Whatever happened to Pat Van Den Hauwe?

Name a Belgian born footballer to have played internationally for Wales. Struggling? How about one of Everton’s favourite sons, one of the rocks on which the 1985 and 1987 title winning sides were built upon? As part of our heroes and villains week, we look at a cult figure who was been almost forgotten in the fifteen years he has been off the big stage.

It is rare when writing one of these articles to stumble across a man who has achieved so much during his playing career yet has since slipped back into anonymity to the extent that Pat Van Den Hauwe has since bowing out of English football when the Premier League was still in its infancy.

Initially born in Dendermonde, Belgium, Van Den Hauwe was brought to England, and at 17 signed his first professional contract with Birmingham City. Six years at St Andrews for the no nonsense left back indicated to then Toffees manager, Howard Kendall, that he had the talent to cope with the upper echelons of what was then Division One.

A move to Goodison Park in time for the 1984-85 season, saw the Belgian become a key element of the robust Everton outfit that took the domestic and European scene by storm that year. The Cup Winners’ Cup triumph over Rapid Vienna that year capped a magnificent rise for Van Den Hauwe, by this time affectionately known by fans as ‘Psycho Pat.’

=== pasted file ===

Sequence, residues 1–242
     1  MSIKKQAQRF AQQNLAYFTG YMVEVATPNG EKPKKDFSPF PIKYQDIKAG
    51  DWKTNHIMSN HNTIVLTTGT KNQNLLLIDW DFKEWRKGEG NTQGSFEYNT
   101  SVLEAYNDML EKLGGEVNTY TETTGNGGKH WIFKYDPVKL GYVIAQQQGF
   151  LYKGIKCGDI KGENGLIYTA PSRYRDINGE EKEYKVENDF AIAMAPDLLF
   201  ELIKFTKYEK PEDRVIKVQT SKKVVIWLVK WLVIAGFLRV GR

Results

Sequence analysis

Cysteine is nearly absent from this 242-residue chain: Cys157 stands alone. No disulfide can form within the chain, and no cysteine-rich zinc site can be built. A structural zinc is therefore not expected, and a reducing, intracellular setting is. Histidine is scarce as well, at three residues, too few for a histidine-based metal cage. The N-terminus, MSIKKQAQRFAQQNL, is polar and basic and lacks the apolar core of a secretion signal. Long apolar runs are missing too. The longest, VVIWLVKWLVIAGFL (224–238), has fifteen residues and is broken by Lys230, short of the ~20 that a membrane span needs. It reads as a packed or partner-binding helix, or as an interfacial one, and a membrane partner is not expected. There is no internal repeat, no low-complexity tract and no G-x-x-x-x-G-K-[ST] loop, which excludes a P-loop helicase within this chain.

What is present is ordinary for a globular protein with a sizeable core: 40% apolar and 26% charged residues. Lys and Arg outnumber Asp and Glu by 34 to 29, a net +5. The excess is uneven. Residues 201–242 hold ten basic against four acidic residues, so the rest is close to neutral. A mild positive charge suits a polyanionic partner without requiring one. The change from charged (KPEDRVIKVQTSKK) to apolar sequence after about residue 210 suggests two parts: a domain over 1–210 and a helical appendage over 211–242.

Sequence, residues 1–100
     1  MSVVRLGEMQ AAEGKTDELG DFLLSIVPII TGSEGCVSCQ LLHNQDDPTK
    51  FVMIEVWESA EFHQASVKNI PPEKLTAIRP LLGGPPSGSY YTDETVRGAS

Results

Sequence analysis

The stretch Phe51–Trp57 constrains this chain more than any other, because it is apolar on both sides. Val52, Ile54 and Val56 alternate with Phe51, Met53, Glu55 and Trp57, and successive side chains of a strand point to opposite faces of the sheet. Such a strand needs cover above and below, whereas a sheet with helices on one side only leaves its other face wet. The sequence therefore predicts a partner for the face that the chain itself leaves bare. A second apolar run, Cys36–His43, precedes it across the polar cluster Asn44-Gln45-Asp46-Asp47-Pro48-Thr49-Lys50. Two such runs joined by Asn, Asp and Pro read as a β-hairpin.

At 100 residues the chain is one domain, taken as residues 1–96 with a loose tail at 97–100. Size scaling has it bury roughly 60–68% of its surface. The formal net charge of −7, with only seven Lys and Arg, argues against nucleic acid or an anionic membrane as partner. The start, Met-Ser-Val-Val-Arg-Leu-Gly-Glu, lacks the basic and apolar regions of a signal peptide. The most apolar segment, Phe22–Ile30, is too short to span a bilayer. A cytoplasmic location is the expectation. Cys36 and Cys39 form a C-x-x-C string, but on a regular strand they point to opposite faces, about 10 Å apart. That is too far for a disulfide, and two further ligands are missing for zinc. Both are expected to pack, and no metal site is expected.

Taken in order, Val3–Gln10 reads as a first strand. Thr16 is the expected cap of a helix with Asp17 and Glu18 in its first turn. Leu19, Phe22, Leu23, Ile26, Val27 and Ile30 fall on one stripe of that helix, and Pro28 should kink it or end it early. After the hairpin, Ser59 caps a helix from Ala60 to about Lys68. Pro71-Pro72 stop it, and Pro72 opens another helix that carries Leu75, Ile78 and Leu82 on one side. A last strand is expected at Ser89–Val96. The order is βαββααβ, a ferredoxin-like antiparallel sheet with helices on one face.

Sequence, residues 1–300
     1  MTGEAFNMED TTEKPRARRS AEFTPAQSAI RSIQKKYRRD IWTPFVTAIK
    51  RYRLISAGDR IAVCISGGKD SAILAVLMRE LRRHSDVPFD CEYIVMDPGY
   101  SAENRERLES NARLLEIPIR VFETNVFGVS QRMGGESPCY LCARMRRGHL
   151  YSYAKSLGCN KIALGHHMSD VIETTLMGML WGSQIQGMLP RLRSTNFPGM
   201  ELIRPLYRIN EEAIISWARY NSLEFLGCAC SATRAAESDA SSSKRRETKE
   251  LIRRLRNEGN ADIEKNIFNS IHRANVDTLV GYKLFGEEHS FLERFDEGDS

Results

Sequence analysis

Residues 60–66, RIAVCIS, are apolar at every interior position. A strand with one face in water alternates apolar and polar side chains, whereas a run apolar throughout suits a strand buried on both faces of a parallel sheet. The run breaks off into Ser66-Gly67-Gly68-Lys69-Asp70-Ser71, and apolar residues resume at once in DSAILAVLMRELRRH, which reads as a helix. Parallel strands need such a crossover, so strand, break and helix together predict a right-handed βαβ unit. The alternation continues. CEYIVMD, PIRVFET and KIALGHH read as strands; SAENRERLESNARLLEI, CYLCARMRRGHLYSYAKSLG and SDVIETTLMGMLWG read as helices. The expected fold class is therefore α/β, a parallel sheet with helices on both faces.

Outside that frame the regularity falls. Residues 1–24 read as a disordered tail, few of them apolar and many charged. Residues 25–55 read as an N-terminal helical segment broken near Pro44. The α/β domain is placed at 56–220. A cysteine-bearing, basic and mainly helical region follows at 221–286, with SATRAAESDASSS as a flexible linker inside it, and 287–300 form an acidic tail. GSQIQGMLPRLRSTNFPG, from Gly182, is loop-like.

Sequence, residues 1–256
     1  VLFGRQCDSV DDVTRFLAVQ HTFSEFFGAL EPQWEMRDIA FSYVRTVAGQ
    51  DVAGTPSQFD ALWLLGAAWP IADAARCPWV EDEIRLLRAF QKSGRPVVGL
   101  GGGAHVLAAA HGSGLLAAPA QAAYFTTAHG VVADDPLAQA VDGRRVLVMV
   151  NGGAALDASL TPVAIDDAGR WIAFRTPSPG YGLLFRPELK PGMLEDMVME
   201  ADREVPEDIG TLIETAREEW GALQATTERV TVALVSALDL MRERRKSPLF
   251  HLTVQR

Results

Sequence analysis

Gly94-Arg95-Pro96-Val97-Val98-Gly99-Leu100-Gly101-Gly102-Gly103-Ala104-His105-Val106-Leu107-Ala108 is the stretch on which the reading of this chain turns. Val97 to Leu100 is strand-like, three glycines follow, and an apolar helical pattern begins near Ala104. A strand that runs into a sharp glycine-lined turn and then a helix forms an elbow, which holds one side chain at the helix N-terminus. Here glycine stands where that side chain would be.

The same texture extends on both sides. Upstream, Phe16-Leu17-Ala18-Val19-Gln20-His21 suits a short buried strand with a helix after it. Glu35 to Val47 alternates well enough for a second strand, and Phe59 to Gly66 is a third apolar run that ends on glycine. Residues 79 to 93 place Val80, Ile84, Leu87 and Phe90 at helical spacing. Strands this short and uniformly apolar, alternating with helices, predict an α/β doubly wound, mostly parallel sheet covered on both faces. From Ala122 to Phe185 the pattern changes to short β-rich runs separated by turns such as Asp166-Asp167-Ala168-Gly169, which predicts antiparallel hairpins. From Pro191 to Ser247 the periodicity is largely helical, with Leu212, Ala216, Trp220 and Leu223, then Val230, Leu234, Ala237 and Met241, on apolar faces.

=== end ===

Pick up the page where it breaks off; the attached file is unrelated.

In an Everton shirt, Van Den Hauwe has the distinction of scoring the goal to bring the league title back to Goodison Park for the second time in three years with a strike against Norwich City in 1987. As his time at Everton continued, the mystery and aura around the now Welsh international began to intensify. Andy Gray would later describe the defender as “evil” in his autobiography, although in a recent interview with the BBC, Van Den Hauwe insists this was born out of his on field antics rather than his supposed party lifestyle off of it.

Van Den Hauwe’s only Premier League exposure came with Tottenham towards the end of his career, as after four years at Everton, Terry Venables decided to make a move for a man whose champagne lifestyle had meant development at Goodison Park had stagnated.

Steady performances in North London kept Van Den Hauwe very much in the public eye, and whilst the Belgian failed to impress Venables’ eventual successor at Tottenham, Ossie Ardiles, the recently married Belgian remained a Spurs player until the summer of 1993. After leaving White Hart Lane, the Welsh international wound down his career with a spell at second tier outfit, Millwall.

Since the abrupt end to his top-flight career, Van Den Hauwe made a swift exit from England, taking the chance to play football in South Africa. With the breakdown of his marriage to model Mandy Smith, the Dutchman decided to opt out of the paparazzi media exposure that had dogged the latter years of his career, and made a permanent move to Cape Town.

It is only recently that the former Everton man has returned to the UK. Still living out in South Africa, the enigmatic Van Den Hauwe has been spotted at an occasional reunion for the Toffees sides of the late 1980s.

In a recent interview with the Daily Post Van Den Hauwe spoke about the decision to move abroad after the conclusion of his playing days, and whilst he has rarely returned to the city that made him a household name, he remains an Evertonian at heart.

If you have any suggestions for future players to cover in this feature, let me know via Twitter. I’ll be busy trying to convince Mandy Smith to come over and watch highlights of the 1985 Cup Winners Cup final. If not, I’ll settle for Maggie Smith.